Growth is an irreversible change in the size of cells and organisms due to cell division (mitosis) and enlargement. Every living organism has to grow or mature in some way. However, each organism has its own way of growing. The difference in manner of growth between organisms is observable in animals and plants.
As animals grow from youth, parts of their bodies grow until they reach a genetically predetermined size based on the species. Plants, however, grow throughout their entire lifespans, and they can only grow at certain parts of themselves known as meristematic tissues or meristems. These are tissues containing undifferentiated cells (meristematic cells) which are capable of cell division. These undifferentiated meristematic cells are the only ones which facilitate the plant's growth and the development of various tissues and organs, since differentiated cells cannot perform continuous cell division because they have already become specialized cells through differentiation.
You've probably noticed that plants tend to grow from their topmost point (known as an apex). There is a meristem present at the apex of every plant. These meristems are called apical meristems, and they are found at the tip of the root at the shoot (stem). Their continuous divisions and enlargements allow the shoot to grow above ground and for the roots to grow underground.
If you've ever seen a plant grow from a seed:
You will notice that the stem thickens as it grows in height. This is due to lateral meristems, which are found on the sides of the stem and roots. These meristems are responsible for increasing the thickness of the plant.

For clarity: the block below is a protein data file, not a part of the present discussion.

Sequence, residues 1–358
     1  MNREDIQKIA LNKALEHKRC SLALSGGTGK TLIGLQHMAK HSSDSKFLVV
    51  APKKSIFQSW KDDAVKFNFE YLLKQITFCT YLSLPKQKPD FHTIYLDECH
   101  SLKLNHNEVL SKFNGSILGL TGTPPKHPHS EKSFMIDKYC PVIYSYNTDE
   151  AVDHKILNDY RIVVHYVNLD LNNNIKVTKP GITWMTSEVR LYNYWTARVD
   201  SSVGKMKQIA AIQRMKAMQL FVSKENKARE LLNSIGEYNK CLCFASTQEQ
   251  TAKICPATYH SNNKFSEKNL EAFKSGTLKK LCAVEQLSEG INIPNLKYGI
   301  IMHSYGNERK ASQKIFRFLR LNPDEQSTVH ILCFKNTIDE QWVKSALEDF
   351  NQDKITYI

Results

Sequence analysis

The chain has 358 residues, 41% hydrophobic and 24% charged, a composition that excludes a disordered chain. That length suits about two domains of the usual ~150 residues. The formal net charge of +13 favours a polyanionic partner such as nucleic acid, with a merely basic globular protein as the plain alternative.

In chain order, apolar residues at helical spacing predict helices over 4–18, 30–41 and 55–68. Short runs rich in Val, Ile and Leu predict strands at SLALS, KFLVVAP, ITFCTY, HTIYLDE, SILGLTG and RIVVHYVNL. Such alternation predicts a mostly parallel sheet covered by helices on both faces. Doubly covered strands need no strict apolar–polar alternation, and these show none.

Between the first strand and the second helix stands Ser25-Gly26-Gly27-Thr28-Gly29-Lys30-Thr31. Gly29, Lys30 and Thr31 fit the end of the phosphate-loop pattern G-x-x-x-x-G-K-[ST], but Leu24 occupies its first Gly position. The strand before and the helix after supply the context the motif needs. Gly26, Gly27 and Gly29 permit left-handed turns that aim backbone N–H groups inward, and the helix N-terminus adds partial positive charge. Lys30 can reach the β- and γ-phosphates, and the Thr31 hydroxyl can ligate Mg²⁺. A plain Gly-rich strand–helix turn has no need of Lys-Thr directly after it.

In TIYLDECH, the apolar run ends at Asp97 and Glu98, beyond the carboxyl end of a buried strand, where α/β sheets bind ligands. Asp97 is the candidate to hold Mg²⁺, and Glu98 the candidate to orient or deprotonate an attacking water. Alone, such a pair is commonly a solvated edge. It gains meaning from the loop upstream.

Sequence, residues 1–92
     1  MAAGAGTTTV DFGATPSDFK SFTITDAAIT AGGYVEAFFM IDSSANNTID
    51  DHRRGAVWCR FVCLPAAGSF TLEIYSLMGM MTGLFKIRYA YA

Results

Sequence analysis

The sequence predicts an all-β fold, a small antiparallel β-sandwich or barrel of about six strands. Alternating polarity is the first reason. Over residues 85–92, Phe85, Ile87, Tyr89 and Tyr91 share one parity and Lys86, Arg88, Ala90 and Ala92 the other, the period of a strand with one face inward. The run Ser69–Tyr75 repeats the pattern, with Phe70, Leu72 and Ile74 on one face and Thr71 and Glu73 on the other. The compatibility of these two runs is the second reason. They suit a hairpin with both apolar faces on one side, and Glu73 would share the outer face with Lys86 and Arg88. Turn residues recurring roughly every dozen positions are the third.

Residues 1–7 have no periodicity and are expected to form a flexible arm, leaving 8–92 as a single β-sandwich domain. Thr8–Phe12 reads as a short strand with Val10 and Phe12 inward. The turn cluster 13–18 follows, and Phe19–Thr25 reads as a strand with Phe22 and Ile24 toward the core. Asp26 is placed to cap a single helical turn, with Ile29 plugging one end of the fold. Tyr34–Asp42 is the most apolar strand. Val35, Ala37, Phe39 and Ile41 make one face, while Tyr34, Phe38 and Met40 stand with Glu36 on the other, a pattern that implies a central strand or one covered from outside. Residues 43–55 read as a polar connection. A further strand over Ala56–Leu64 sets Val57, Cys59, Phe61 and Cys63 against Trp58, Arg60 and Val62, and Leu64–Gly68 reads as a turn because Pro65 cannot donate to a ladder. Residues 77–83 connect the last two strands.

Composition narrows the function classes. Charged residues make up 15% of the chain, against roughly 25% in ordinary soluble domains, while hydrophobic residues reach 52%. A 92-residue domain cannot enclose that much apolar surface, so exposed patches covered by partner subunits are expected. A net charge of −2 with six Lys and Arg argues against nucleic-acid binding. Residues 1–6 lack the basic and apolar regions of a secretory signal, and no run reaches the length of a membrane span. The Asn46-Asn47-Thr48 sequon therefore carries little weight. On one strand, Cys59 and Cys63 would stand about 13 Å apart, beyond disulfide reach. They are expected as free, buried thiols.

There is another type of meristem, known as intercalary meristems. The intercalary meristems are located at the internodes or the base of the leaves. The intercalary meristems help in increasing the length of the internode. This is usually seen in monocotyledonous plants.
CSEC also requires you to know the structure of a dicotyledonous seed. As you know, seeds are the matured, fertilized ovules from the flower. They consist of the embryo enclosed by the seed coat. The embryo consists of three main parts: the radicle, the embryo axis and the cotyledon(s). In the seed of a dicotelydon, there are two cotyledons.
Cotyledons are a food reserve for the developing seedling, and therefore tend to have a swollen appearance. The embryo axis has two ends. The one which forms the shoot tip is called plumule and the portion at the lower end which forms the root tip is called the radicle. The whole embryo is surrounded by a protective cover called the seed coat. The seed coat is made up of an outer layer called the testa and an inner layer called the tegmen.
Germination is the process by which a new plant grows from a seed. It can also be defined as 'the initial emergence of the radicle from the seed coat.'
Germination consists of 3 stages:
Imbibition and Metabolism- This is the absorption of water by the dry seed. It causes the seed to rupture as the cells of the seed get rehydrated. The swelling takes place with a great force. It ruptures the seed coats and enables the radicle to come out in the form of primary root. Because water has been absorbed, metabolic activity in the seed can be resumed. Initially, the respiration may be anaerobic, but later becomes aerobic once oxygen enters the seed.
Digestion of Stored Food and Translocation of Nutrients- Now, the seed breaks down food that had been stored in the cotyledons during dormancy. Lipids and carbohydrates (glucose in monocots, starch in dicots) break down into sucrose (through hydrolysis), and this sucrose and broken-down protein components are shifted to a location in the seed where they can be used for energy and new proteins for the growing plant.
Cell Division and Growth- In the final stage, metabolism continues and the cells of the embryo divide. The plant begins to emerge, first with the roots extending down into the soil, followed by the seeding reaching up into the air to begin the process of photosynthesis.
The process of growth in germination actually comprises 5 stages:
The radicle bursts through the micropyle in the seed coat into the soil
Primary roots begin to develop and the plumule forms a hook that straightens out, pulling the cotyledons above ground.
The emergent seedling begins to straighten out, taking the cotyledons with it.
The primary leaves begin unfolding and the stem elongates.
The true leaves completely emerge and the cotyledons fall off.